Mode & Midrange

Mode: The mode is the value of x that occurs most frequently

Note: If two or more values in a sample are tied for the highest frequency (number of occurrences), there is no mode

Midrange: The number exactly midway between a lowest value data L and a highest value data H. It is found by averaging the low and the high values:

Example

+

+

L

H

12

.

7

44

.

2

=

=

=

Midrange

28

.

45

2

2

• When rounding off an answer, a common rule-of-thumb is to keep one more decimal place in the answer than was present in the original data
• To avoid round-off buildup, round off only the final answer, not intermediate steps

Notes:

• Example: Consider the data set {12.7, 27.1, 35.6, 44.2, 18.0}
2.4 ~ Measures of Dispersion
• Measures of central tendency alone cannot completely characterize a set of data. Two very different data sets may have similar measures of central tendency.
• Measures of dispersion are used to describe the spread, or variability, of a distribution
• Common measures of dispersion: range, variance, and standard deviation
Range

Deviation from the Mean: A deviation from the mean, ,is the difference between the value of x and the mean

Range: The difference in value between the highest-valued (H) and the lowest-valued (L) pieces of data:

• Other measures of dispersion are based on the following quantity
Example

Solutions:

2)

1)

Data Deviation from Mean

_________________________

12

23

17

15

18

• Example: Consider the sample {12, 23, 17, 15, 18}. Find 1) the range and 2) each deviation from the mean.

-5

6

0

-2

1

Mean Absolute Deviation

å

-

=

(

x

x

)

0

1

å

-

Mean

absolute

deviation

|

x

x

|

=

n

For the previous example:

1

1

14

å

-

=

+

+

+

+

=

=

|

x

x

|

(

5

6

0

2

1

)

2

.

8

n

5

5

Note: (Always!)

Mean Absolute Deviation: The mean of the absolute values of the deviations from the mean:

Sample Variance & Standard Deviation

1

å

2

2

=

-

where n is the sample size

s

(

x

x

)

-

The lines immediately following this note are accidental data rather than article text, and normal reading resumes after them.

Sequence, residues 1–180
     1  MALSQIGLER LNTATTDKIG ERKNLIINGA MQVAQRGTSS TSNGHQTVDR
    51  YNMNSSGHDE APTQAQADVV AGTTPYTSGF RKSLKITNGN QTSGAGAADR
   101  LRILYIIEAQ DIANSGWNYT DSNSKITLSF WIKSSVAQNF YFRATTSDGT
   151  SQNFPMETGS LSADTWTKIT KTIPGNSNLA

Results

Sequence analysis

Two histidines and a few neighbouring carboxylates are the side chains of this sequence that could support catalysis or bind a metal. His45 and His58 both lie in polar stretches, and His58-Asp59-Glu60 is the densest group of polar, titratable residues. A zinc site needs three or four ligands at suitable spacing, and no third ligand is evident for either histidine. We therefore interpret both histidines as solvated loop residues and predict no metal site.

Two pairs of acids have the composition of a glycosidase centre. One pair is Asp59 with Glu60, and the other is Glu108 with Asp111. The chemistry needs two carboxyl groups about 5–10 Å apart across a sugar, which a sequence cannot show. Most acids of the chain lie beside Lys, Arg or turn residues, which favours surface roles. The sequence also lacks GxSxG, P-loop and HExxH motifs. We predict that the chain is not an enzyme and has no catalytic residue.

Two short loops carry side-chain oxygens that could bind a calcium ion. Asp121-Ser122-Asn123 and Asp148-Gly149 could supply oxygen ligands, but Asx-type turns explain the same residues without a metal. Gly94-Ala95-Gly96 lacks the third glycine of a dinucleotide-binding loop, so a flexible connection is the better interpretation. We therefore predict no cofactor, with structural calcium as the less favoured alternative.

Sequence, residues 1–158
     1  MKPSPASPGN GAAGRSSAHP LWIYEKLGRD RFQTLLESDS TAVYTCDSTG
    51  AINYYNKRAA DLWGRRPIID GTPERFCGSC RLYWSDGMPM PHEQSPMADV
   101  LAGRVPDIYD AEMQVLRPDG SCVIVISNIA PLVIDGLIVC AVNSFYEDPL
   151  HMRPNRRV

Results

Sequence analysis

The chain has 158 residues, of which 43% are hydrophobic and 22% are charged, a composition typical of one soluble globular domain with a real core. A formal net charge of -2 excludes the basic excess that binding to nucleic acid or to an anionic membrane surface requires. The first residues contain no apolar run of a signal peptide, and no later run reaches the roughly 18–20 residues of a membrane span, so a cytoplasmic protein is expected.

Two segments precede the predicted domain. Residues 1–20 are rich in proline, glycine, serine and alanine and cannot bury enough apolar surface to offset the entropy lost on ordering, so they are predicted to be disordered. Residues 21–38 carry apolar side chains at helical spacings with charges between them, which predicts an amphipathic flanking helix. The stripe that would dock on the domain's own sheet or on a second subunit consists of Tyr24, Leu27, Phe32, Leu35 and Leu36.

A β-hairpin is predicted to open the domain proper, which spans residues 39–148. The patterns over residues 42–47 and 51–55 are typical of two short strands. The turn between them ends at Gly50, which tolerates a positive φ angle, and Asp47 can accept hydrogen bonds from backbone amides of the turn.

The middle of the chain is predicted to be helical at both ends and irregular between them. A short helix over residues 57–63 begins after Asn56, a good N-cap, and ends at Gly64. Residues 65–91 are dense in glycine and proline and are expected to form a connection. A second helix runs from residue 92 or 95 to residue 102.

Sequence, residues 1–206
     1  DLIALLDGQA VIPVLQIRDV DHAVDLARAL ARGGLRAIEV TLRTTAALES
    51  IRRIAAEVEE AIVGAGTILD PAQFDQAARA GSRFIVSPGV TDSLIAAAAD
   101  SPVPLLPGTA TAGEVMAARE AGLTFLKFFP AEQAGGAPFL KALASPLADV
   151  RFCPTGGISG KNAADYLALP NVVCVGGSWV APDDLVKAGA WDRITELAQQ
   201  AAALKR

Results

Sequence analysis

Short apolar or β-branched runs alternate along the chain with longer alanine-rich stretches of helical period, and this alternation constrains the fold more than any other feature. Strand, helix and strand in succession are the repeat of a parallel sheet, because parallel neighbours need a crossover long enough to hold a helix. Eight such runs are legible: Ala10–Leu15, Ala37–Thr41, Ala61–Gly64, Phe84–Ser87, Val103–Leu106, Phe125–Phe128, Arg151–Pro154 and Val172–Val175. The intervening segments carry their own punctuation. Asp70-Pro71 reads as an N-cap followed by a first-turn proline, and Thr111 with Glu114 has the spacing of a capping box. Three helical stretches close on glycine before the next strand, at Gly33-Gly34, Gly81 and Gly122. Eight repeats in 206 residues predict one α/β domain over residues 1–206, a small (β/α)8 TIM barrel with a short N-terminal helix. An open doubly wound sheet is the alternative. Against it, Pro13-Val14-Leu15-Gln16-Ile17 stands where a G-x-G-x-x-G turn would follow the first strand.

n

1

Note: The numerator for the sample variance is called the sum of squares for x, denoted SS(x):

1

(

)

å

å

å

2

where

2

2

=

-

=

-

SS

(

x

)

(

x

x

)

x

x

n

Sample Variance: The sample variance, s2, is the mean of the squared deviations, calculated using n - 1 as the divisor:

Standard Deviation: The standard deviation of a sample, s, is the positive square root of the variance:

Example

Solutions:

1

First:

=

+

+

+

+

=

x

(

5

7

1

3

8

)

4

.

8

5

-

-

(

x

x

)

2

x

x

x

5

0.2

0.04

7

2.2

4.84

1

-3.8

14.44

3

-1.8

3.24

8

3.2

10.24

Sum:

24

0

32.08

1

2

=

=

1)

s

(

32

.

8

)

8

.

2

2)

4

=

=

s

8

.

2

2

.

86

• Example: Find the 1) variance and 2) standard deviation for the data {5, 7, 1, 3, 8}:
Notes
• The shortcut formula for the sample variance:
• The unit of measure for the standard deviation is the same as the unit of measure for the data
2.5 ~ Mean & StandardDeviation of Frequency Distribution
• If the data is given in the form of a frequency distribution, we need to make a few changes to the formulas for the mean, variance, and standard deviation
• Complete the extension table in order to find these summary statistics
To Calculate
• In order to calculate the mean, variance, and standard deviation for data:

1. In an ungrouped frequency distribution, use the frequency of occurrence, f, of each observation

2. In a grouped frequency distribution, we use the frequency of occurrence associated with each class midpoint:

Example

Solutions:

0

15

0

0

First:

1

17

17

17

2

23

46

92

4

5

20

80

5

2

10

50

Sum:

62

93

239

1)

2)

3)

• Example: A survey of students in the first grade at a local school asked for the number of brothers and/or sisters for each child. The results are summarized in the table below. Find 1) the mean, 2) the variance, and 3) the standard deviation:
TI-83 Calculations
• When dealing with a grouped frequency distribution, use the following technique: